Sunday, July 08, 2007

The Mission Of The 72 In Luke 10; The Mission Of The Laity In The Church Today

Serving as an extraordinary minister of Holy Communion: A secondary role for a lay person

(Fourteenth Sunday of the Year (C): This homily was given on July 8, 2007 at St. Pius X Church, Westerly, R.I., by Fr. Raymond Suriani. Read Luke 10: 1-12, 17-20.)

[For the audio version of this homily, click here: Fourteenth Sunday 2007]

What do you do to serve the Lord?

I think many lay Catholics would answer that question by telling you what they do in and around the church—“I’m a lector”; “I’m an extraordinary minister of Holy Communion”; “I’m an altar server”; “I’m a cantor”; “I sing in the choir”; “I’m on the parish finance council”.

Now please don’t misunderstand me—all these acts of service are good! Lay people have essential roles to play in the liturgical and financial life of this and of every other parish. But these roles are only secondary! Even though they’re very important, they are not at the core of a lay person’s vocation in the Church.

In paragraph 898 of the Catechism, it says this (quoting one of the documents of Vatican II): “By reason of their special vocation it belongs to the laity to seek the kingdom of God by engaging in temporal affairs and directing them according to God’s will.”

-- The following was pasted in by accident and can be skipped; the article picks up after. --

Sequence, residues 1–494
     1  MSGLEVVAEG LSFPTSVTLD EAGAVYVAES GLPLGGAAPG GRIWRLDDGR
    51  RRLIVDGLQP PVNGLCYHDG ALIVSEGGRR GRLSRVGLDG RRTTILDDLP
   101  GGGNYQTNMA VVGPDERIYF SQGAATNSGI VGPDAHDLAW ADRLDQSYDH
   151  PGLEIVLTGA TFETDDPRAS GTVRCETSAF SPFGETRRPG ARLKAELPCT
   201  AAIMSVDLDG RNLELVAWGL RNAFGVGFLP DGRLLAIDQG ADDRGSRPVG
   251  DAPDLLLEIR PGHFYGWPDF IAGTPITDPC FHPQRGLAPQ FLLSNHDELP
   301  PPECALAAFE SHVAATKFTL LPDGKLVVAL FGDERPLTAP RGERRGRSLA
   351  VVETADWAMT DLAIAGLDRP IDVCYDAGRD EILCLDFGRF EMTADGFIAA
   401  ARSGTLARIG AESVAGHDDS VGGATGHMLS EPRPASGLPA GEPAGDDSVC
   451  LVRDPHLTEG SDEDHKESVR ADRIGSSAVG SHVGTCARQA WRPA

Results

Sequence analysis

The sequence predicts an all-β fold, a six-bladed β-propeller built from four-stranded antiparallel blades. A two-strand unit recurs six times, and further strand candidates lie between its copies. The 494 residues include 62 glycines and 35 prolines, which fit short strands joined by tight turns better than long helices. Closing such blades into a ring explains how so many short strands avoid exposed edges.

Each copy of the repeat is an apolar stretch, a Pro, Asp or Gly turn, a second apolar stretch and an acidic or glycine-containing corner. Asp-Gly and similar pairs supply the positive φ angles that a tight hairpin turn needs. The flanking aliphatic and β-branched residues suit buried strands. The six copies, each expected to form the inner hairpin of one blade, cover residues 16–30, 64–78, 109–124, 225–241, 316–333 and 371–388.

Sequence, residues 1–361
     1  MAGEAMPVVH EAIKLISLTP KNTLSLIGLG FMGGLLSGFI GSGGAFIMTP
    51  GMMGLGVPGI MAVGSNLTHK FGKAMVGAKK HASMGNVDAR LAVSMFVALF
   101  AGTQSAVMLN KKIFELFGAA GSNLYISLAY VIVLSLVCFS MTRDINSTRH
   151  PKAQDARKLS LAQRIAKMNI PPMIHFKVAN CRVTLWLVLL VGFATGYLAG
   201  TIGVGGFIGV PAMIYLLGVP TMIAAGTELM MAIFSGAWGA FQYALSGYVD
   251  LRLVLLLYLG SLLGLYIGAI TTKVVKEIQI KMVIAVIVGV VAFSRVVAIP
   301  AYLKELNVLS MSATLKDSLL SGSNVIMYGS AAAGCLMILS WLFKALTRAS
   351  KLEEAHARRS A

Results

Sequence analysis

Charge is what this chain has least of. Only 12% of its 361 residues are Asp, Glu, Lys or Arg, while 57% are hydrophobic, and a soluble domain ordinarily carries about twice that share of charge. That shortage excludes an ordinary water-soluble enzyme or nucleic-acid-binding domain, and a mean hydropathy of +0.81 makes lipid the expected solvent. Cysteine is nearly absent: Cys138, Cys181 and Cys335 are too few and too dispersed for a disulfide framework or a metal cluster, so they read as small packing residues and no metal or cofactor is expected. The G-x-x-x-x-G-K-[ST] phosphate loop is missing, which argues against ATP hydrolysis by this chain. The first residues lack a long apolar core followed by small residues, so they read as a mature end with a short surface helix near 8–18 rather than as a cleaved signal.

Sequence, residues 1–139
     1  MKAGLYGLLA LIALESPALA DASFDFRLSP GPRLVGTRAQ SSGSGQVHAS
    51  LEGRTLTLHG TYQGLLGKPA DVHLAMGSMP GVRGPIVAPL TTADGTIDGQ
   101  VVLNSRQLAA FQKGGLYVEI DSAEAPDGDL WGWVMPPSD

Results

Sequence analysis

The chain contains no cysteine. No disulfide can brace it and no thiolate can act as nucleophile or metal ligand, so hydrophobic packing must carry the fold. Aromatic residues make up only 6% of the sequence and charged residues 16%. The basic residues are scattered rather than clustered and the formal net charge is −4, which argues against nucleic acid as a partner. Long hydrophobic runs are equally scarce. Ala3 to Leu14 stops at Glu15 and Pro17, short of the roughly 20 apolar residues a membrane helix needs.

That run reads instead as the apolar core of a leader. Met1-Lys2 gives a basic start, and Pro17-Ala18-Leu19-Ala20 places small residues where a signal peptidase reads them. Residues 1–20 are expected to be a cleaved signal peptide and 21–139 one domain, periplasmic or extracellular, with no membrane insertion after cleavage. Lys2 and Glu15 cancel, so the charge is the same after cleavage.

Very simply, this means that if you’re a lay Catholic (and most of you are), then you are to live in the world, but you are not to be “of” the world; and you are to take your Catholic faith with you wherever you go. That’s your primary calling! Your faith, in other words, is to guide your personal life, your marital life (even in its private dimensions), your family life, your recreational life—and yes, even your life at work and/or at school.

When I was a deacon at St. Philip’s Church in Greenville in 1985, there was a lector at the parish who was involved in local politics. Now he’s a big political figure at the state level; if I mentioned his name, you’d all recognize it immediately. But this man was also pro-choice when it came to the issue of abortion. Thankfully, he eventually was told he could no longer serve as a lector. I mention him today because he’s a great example of a lay person who was “doing something for God” at Sunday Mass, but who was not doing for God what he really should have been doing for God out there in the world. He was fulfilling a lay person’s “secondary role” very well—he was an excellent reader!—but he was failing miserably in fulfilling the primary role of a Catholic lay person in modern society.